I had a change of scenery last week when I popped out to the coast and met the Trust’s ranger Chris and two representatives of the British Mountaineering Council (BMC). The BMC had asked us to look at a site on St Bees Head sea cliffs where a lot of climbing takes place. These cliffs are designated a Royal Society for the Protection of Birds (RSPB) bird reserve. The BMC and RSPB have an existing understanding about using these cliffs without disturbing nesting birds in what is an important site.
The BMC has done some work in the past on access and erosion control and they asked Chris and me along to see if we can advise them about how to sensitively maintain and improve an access path down the cliff.
There is a farm on the headland with a camping barn and it would be ideal if the BMC could have a work group staying there. They could provide the materials and voluntary labour and Chris and I, working for the Trust, could provide the advice and necessary tools for the task. The BMC is taking the lead on this but we would contribute technical advice about installing and maintaining sustainable paths on steep terrain which is what we are used to doing in the mountains.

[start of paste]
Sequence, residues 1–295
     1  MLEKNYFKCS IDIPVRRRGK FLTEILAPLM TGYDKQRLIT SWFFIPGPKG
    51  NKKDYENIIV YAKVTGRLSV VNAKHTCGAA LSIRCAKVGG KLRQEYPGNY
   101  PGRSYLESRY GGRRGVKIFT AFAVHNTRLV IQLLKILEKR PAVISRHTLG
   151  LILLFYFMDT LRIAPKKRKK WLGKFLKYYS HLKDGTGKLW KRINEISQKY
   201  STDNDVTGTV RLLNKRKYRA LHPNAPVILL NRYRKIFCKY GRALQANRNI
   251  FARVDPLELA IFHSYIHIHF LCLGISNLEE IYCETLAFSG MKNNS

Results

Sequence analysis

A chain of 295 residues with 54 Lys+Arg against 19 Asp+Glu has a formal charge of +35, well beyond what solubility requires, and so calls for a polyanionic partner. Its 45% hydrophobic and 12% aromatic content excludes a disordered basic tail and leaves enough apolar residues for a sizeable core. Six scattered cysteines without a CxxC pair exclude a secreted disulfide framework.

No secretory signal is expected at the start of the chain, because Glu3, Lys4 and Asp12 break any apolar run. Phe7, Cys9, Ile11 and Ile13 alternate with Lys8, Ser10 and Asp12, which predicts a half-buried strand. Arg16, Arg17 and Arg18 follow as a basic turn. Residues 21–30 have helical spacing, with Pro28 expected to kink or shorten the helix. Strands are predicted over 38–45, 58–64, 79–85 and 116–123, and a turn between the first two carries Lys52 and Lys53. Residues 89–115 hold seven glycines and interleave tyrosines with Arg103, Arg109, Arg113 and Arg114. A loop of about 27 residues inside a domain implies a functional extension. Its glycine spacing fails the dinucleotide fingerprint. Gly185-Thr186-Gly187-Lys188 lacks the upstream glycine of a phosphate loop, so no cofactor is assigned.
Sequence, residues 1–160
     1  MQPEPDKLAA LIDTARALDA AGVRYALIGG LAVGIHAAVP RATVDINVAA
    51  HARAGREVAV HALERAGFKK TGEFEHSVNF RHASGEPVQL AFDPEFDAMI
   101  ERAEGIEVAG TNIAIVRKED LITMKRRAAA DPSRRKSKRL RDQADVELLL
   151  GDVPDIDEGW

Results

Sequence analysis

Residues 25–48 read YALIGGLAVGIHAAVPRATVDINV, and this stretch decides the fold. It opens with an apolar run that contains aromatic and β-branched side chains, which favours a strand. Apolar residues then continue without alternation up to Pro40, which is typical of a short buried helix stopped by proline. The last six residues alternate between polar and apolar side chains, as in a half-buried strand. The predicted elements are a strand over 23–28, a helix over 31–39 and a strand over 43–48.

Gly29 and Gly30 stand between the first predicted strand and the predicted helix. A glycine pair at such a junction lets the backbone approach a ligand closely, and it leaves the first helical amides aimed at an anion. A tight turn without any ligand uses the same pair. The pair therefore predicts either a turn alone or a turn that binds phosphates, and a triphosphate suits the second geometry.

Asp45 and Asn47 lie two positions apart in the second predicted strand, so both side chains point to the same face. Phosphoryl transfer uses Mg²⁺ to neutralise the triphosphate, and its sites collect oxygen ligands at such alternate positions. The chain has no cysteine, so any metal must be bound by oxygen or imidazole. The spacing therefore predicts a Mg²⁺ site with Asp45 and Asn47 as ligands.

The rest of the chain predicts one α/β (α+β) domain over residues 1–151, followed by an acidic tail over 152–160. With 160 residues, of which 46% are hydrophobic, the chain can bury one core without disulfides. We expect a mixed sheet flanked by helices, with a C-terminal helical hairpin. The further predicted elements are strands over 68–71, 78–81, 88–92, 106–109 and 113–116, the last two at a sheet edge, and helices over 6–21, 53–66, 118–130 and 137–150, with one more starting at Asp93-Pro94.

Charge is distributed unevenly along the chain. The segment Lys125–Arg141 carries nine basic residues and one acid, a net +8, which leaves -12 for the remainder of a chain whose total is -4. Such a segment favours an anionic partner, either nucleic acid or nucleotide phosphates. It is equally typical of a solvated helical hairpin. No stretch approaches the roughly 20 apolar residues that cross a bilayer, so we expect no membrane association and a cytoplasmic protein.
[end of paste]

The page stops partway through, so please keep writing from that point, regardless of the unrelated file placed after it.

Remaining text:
It was a very useful site visit and meeting. As ever, it is a question of balancing a range of uses of the landscape and it would be good to have a joint working programme with them.
While we were there, Chris and I spotted something in the water below. After some time observing its behavior, we concluded it was most likely a seal. It was just too distant to be sure and the photographs I took were inconclusive but both seals and sea otters can be seen from the headland.
|Leave a comment if you can identify this!|
We have also done more work at Braithwaite. A contractor has been in with a JCB installing a large pipe as part of the drainage project.
Once that was done I was back with volunteers putting finishing touches.
|One of our youngest volunteers (he brought his Dad with him!)|
All being well, the flood risk to the village will have been significantly reduced – these volunteers have much to be proud of.